Beyond nafion: Charged macromolecules tailored for performance as ionic polymer transducers

Andrew J. Duncan, Donald J. Leo, Timothy Edward Long

Research output: Contribution to journalReview article

69 Citations (Scopus)

Abstract

Ionic polymer transducers (IPT) based on electroactive polymers (EAP) display electromechanical coupling that enables breakthroughs in the design of high-performance actuators and sensors. The ion-exchange membrane Nafion remains as the benchmark for a majority of research and development in IPT technology. Advances in IPT performance, elemental understanding of transduction mechanisms, and the development of future technologies (e.g., artificial muscles) are largely due to significant efforts to tailor complementary transducer compositions relative to commercially available Nafion. Current fundamental advances in the synthesis, characterization, and application of tailored ion-containing polymers are reviewed for increased performance, decreased cost, and improved processing of IPTs. Recent attention to the correlation of morphological structure to ion conduction mechanisms has led to new paradigms for performance. Tailoring of ionomeric membranes to isolate material interactions within the composite IPT that contribute to performance is also highlighted. Novel compositions such as ion-containing polysulfones, poly(ethylene-co-vinyl alcohol), polystyrene, and fluorinated acrylic copolymers have broadened the range of electromechanical performance. This perspective discusses recent research efforts and rapidly emerging fundamental understanding of the tailored synthesis of ionomers for IPTs. However, further studies are necessary to confirm the mechanisms that drive these devices under an array of compositions and geometries in emerging applications.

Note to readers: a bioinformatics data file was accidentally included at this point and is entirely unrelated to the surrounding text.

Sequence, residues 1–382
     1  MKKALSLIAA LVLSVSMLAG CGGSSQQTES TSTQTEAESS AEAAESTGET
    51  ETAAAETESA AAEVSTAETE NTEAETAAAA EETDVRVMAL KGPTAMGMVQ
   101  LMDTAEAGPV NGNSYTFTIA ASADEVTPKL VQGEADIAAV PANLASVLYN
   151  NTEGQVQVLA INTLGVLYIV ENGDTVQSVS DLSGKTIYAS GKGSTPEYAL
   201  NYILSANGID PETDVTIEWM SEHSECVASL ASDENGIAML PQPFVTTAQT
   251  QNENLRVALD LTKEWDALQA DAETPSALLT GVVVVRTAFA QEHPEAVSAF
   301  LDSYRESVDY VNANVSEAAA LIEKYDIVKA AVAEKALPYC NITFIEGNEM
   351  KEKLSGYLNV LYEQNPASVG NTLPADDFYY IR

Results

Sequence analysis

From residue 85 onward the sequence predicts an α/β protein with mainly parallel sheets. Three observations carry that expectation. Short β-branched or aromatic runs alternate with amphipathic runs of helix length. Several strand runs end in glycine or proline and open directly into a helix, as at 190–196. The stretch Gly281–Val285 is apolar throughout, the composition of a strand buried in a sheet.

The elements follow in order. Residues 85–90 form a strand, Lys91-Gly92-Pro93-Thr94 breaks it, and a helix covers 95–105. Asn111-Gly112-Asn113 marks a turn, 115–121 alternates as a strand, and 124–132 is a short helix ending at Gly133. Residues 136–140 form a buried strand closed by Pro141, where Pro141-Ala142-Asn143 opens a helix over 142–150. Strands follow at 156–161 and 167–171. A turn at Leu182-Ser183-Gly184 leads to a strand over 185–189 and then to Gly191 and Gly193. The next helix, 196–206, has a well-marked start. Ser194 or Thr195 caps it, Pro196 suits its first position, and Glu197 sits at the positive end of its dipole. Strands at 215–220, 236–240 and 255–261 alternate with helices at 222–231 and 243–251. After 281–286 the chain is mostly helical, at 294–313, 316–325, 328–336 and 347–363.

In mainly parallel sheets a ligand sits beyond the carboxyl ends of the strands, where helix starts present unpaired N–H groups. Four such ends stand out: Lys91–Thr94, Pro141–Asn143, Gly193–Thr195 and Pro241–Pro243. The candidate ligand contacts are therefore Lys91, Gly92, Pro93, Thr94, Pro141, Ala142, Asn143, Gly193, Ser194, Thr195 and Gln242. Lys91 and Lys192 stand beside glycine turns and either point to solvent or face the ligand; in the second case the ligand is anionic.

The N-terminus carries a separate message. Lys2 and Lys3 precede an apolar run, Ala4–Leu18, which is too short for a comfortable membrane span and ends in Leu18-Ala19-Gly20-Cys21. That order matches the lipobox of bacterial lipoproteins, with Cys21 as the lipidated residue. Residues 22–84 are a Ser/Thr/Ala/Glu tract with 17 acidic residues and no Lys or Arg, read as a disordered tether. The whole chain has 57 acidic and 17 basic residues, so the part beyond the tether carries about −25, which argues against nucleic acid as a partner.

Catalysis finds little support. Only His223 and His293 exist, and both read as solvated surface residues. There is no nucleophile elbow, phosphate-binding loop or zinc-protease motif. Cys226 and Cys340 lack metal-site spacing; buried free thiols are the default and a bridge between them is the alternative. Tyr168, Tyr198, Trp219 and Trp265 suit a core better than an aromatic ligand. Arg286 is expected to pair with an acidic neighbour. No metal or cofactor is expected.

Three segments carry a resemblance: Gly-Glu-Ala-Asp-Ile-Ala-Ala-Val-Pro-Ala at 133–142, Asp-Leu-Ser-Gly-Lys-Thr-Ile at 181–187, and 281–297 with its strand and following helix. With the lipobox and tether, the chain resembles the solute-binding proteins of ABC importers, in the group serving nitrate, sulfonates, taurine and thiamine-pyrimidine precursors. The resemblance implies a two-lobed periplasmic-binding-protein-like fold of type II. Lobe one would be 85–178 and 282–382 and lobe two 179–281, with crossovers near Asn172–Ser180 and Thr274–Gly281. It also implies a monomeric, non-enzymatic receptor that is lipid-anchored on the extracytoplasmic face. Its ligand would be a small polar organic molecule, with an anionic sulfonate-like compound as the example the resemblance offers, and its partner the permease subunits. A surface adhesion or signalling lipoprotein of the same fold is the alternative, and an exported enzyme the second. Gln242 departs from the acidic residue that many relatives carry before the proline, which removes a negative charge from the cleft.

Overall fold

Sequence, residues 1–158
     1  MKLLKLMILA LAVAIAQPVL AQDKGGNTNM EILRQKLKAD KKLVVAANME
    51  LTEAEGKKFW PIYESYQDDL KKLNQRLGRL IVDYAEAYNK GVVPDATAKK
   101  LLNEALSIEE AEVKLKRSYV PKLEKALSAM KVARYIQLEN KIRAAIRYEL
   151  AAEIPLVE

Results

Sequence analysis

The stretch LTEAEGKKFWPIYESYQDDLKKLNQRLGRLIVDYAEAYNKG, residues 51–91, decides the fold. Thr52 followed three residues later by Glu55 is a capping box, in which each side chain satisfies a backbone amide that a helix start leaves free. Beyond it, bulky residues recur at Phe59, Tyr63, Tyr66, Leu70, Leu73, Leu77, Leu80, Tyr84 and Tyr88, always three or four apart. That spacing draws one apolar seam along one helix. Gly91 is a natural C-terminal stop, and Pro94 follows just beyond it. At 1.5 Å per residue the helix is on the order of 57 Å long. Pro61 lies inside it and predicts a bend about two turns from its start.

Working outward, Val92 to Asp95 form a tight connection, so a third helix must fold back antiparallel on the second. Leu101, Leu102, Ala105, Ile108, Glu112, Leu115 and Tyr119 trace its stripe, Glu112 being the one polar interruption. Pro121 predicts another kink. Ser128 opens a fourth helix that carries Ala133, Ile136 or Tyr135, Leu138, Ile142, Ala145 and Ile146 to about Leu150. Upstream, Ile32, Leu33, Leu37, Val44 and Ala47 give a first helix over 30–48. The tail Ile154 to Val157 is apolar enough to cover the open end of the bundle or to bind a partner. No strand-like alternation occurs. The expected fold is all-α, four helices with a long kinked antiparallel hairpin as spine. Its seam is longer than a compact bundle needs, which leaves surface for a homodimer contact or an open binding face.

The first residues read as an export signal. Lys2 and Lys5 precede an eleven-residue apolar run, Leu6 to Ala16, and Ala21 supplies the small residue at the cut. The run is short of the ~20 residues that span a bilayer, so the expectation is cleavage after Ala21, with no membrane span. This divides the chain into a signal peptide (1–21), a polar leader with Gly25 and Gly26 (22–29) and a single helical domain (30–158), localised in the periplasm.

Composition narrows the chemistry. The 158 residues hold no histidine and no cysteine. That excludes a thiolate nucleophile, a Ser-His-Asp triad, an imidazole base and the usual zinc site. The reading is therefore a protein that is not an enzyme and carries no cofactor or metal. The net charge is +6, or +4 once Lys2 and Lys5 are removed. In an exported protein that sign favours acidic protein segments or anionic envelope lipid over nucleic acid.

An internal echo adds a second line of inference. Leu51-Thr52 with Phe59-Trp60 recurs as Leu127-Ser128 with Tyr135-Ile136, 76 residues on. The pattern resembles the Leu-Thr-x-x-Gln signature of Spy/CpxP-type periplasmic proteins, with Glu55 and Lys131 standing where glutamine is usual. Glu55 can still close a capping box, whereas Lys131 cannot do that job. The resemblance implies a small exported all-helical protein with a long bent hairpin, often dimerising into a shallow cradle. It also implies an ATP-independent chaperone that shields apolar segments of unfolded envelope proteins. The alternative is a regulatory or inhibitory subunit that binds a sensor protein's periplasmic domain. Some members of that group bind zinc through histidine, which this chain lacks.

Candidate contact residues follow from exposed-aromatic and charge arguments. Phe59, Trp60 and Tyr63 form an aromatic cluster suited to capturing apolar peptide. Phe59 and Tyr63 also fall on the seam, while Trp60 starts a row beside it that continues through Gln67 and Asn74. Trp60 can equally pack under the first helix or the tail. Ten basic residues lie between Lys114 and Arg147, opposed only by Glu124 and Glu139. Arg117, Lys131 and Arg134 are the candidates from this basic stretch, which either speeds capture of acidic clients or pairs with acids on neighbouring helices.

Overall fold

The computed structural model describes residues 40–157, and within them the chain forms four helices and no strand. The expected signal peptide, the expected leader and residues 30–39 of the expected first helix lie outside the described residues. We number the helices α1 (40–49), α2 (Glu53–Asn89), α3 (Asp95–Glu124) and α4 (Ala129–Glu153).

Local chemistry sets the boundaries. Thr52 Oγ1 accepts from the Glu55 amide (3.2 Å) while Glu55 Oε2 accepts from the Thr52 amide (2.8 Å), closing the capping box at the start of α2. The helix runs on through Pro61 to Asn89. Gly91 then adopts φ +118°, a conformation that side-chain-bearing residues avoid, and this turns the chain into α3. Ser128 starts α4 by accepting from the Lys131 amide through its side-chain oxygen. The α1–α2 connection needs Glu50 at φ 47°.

Original languageEnglish
Pages (from-to)7766-7775
Number of pages10
JournalMacromolecules
Volume41
Issue number21
DOIs
Publication statusPublished - 2008 Nov 11
Externally publishedYes

ASJC Scopus subject areas

  • Organic Chemistry
  • Polymers and Plastics
  • Inorganic Chemistry
  • Materials Chemistry

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